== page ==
“I think you’re right,” admitted Artie Pelullo, who certainly isn’t unbiased in his opinion given he’s promoted this tournament. “They’re both going to be great fights but the Petrov-Carcamo fight, I think somebody’s getting knocked out. I don’t know who’s getting knocked out but I think somebody’s getting knocked out. I want to know who Carcamo lost to five times. He has five losses on his record and I said to his manager, ‘Whoever he lost to, I want to sign them.’”
“Boxcino” is not a new concept (nor are tournaments, for that matter). Back in the late ‘90s, Pelullo staged the inaugural “Boxcino.” He explained, “I tried to do it a couple of years earlier but then when the climate changed at ESPN and the management changed, I went to see [ESPN Head of Boxing Programming] Brian Kweder and I went see [ESPN Director of Programming Acquisitions] John Campagna and I laid out my idea to them about, ‘Why don’t we do this tournament? We did it before with you and I found Acelino ‘Popo’ Freitas and I found a couple of other fighters like J.C. Candelo,’ and they loved the idea. They loved the idea of a tournament. They loved the idea that the fans could follow how all the fighters were doing week in and week out.”
According to Pelullo, ESPN spent a good amount of money on the production for this tourney and did extensive backgrounds on all the participants. “Not like the 10-minute interviews they do before each fight airs,” he pointed out.
In theory, tournaments are great. They certainly work for other sports but in boxing, they are only as good as the fighters who participate in them. Both Petrov and Carcamo have put on strong performances in entertaining affairs. Just looking at these two, they seem to go together like peanut butter and jelly. Also helping out is the quick turnaround. For the lightweights, “Boxcino” began on February 21st, then resumed on March 28th and concludes tonight. Three fights in three months. It wasn’t a long and drawn-out process in which the audience either forgets the participants or simply loses interest.
The single-elimination format seems optimal.
“’Well, we think it is because we’ve been getting a lot of good press from people like you. The fans love it and ESPN loves it. People just love following it and it’s a single-elimination; it’s do-or-die. The best part is that the first round was six rounds and then eight rounds and then 10. You gotta fight six and eight rounds and if you get dropped, you’re behind by two points in a six-rounder - that’s two rounds. You gotta fight,” explained Pelullo.
When asked how difficult it was to actually get managers and their fighters on board “Boxcino,” Pelullo admitted, “It is hard to put together tournaments, to find kids who are willing to take a chance and they’re gambling that they get the exposure and it went well because everyone stayed in the fight because we paid them well. But at the end of the day, these kids all took a chance on an opportunity to advance their career.”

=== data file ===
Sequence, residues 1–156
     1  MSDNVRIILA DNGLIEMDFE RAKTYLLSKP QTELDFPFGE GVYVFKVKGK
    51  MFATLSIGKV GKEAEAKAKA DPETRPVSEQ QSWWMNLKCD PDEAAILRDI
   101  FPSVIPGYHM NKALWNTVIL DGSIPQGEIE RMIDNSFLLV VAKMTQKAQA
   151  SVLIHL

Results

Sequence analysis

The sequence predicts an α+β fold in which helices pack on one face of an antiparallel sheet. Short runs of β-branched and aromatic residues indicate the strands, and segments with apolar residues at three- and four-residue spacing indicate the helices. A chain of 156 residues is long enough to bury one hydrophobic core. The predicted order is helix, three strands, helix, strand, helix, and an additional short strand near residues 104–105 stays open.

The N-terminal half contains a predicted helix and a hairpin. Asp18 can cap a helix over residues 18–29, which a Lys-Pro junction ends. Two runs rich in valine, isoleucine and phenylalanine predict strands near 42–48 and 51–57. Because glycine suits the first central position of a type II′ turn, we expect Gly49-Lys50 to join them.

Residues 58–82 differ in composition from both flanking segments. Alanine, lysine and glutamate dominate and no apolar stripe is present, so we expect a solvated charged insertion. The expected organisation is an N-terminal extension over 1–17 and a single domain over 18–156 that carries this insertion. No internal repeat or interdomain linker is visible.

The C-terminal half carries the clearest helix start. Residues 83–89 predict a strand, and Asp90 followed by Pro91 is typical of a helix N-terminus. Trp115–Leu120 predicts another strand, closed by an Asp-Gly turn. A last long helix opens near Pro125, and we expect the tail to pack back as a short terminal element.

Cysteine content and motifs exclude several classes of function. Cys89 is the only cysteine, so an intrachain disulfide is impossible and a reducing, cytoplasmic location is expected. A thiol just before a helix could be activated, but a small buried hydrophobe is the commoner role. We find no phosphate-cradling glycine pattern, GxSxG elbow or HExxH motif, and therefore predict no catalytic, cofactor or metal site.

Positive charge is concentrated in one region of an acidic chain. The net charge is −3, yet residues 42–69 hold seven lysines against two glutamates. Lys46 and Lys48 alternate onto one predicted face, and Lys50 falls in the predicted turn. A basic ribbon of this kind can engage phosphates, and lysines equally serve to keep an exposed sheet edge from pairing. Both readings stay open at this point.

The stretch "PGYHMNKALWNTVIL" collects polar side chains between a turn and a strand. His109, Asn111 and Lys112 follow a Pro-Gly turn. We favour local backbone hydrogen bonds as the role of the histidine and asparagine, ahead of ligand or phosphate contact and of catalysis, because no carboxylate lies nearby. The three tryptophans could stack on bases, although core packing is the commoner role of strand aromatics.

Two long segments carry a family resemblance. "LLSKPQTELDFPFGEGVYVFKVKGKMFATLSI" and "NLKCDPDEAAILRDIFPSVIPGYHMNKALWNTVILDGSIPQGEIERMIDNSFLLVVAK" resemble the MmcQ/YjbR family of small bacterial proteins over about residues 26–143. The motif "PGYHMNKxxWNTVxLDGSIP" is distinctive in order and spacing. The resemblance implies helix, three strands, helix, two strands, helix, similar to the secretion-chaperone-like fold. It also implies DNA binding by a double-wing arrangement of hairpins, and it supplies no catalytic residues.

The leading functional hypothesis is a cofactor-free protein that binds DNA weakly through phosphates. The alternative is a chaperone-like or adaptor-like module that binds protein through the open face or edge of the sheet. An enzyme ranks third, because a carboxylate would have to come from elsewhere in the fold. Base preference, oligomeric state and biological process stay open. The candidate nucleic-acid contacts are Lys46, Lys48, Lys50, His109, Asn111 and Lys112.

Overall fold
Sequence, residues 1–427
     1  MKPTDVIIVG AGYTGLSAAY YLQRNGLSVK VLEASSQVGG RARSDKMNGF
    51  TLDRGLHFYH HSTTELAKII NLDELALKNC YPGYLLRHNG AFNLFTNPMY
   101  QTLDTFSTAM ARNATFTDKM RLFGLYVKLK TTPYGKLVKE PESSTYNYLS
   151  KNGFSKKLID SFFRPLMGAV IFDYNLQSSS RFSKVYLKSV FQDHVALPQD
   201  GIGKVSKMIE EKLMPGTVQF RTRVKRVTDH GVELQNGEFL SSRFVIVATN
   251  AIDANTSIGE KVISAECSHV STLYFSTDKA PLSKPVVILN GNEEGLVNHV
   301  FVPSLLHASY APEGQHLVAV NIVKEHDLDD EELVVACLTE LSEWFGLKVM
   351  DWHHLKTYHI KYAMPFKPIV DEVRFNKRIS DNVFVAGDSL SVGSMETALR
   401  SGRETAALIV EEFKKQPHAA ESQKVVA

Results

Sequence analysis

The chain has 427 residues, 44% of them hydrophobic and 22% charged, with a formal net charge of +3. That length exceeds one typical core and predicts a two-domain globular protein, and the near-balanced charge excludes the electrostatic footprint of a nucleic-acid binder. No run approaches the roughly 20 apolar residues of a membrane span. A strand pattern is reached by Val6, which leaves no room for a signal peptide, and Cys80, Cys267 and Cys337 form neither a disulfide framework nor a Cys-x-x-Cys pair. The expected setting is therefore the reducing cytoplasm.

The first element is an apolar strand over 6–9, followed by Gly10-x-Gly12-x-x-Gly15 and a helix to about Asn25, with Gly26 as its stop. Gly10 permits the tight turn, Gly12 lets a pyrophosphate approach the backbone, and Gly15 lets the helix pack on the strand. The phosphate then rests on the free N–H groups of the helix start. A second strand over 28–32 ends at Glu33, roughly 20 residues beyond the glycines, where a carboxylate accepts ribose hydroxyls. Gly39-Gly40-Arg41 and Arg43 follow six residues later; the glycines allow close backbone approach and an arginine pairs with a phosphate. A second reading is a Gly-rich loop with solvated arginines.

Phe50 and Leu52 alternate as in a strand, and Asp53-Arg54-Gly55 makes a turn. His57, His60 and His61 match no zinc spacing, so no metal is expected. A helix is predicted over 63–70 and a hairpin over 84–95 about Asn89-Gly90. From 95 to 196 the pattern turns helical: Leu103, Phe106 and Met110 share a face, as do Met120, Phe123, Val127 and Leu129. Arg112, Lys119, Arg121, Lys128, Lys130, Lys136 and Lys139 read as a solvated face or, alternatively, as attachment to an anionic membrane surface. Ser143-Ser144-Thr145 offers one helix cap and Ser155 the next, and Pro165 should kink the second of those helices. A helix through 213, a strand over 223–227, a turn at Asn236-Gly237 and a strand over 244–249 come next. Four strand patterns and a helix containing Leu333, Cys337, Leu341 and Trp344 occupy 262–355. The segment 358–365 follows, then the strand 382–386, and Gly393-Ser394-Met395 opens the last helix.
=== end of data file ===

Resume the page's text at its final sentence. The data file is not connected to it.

The fighters involved here were unattached to the likes of Top Rank Promotions or Golden Boy Promotions (therefore, not on the fast track to HBO or Showtime). Perhaps they had no other choice but to roll the dice and take a risk. It could be argued that they really had nothing to lose and everything to gain. Regardless, the winner tonight will come out highly rated by both the WBA and WBO. With the fractured nature of today’s boxing business, boxers who are not aligned with Top Rank and Golden Boy may not have much choice but to dive into things like “Boxcino.” At the very least, the finalists will have gotten three nationally televised dates.
“I think not so much the climate [of the business] but the actual tournament,” is what Pelullo thinks is the major inducement to sign up for “Boxcino.” “The business, some guys are always going to want to go with the guy who’s considered the biggest guy in the world. And then other guys, it’s like staying at a boutique hotel. Other people like to go with people that they’re more centered around. You’re going to be more taken care of because I only have 50 fighters. I don’t have 150 fighters like Bob Arum.
(For the record, neither Pelullo nor Arum has that many clients.)
“But I also think the tournament is a concept where we can go somewhere quicker and get somewhere faster if you’re willing to gamble. I think that helped me a lot. I really do think that the fighters that were in the tournament believed enough in themselves to try it and take a shot and I think it turned out pretty good,” said Pelullo.
Can we expect more “Boxcino” in the future?
Pelullo says optimistically, “Well, right now, we’re talking to ESPN. They love the idea and we’re trying to expand it to three weight classes. So I think it’s very successful and I think we’re going to do it again. I don’t have a definitive on that but I think we’ll do it again.”
Here’s my latest contribution to SportsOnEarth.com on Manny Pacquiao’s contract extension with Top Rank and its real ramifications:
Here’s the latest episode of “The Next Round” with Gabe Montoya and Yours Truly:
“Friday Night Fights” begins at 9 p.m., ET...Karl Dargan-Anthony Flores has been added to the June 21st “Fight Night” card on NBC Sports Network...Luciano Cuello is being discussed as Jorge Melendez’s new foe on June 7th on the Sergio Martinez-Miguel Cotto pay-per-view undercard...Geez, the Lakers can’t catch a break nowadays...Do you give Mark Cuban points for honesty?...The Spurs are clicking on all cylinders right now...Ican be reached at firstname.lastname@example.org and I tweet at www.twitter.com/stevemaxboxing. We also have a Facebook fan page at www.facebook.com/MaxBoxing, where you can discuss our content with Maxboxing readers as well as chime in via our fully interactive article comments sections.